Mitch Goldwater, Two Poems

At the Now Vacant Lot on Bayard
Mitch Goldwater

I crouch to look at crocus blooms in random array
that trail along the sidewalk
and back across this urban square
of fresh-turned dirt and rusty debris.
A man stops his shuffle and stands above me. He has just returned
from the hospital, he says, a week after a transplant.
His skin is yellowed some.
He calls the purple heads
and golden eyes
on their stick-figure stems
Proud.


The Pedestrian
Mitch Goldwater

I want a car
like that Porsche, so beautiful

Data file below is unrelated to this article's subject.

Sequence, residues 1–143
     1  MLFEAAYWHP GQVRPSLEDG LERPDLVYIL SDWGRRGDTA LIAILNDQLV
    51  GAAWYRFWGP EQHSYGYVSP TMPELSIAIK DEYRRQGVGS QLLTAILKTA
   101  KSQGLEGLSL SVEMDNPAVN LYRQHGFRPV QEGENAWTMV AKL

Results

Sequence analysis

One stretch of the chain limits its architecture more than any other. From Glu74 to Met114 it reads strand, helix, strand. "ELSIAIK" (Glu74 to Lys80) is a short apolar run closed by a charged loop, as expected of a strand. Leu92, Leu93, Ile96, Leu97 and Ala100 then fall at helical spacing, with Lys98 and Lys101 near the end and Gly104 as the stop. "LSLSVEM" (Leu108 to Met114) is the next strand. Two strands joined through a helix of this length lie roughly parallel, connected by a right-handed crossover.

it kills, it holds your gaze,
stiffens you to stone
behind the wheel of your bland sedan,
which, like life, goes on
without your control
toward the phone pole,
the rear bumper just ahead,
the pedestrian
crossing with the light.


Mitch Goldwater teaches poetry writing at Mansfield University. Nowadays he mostly crouches between song and poetry, trying to fit the one into the other, right where he thinks they belong. He has an MFA from the University of Pittsburgh and lives in Corning, NY.

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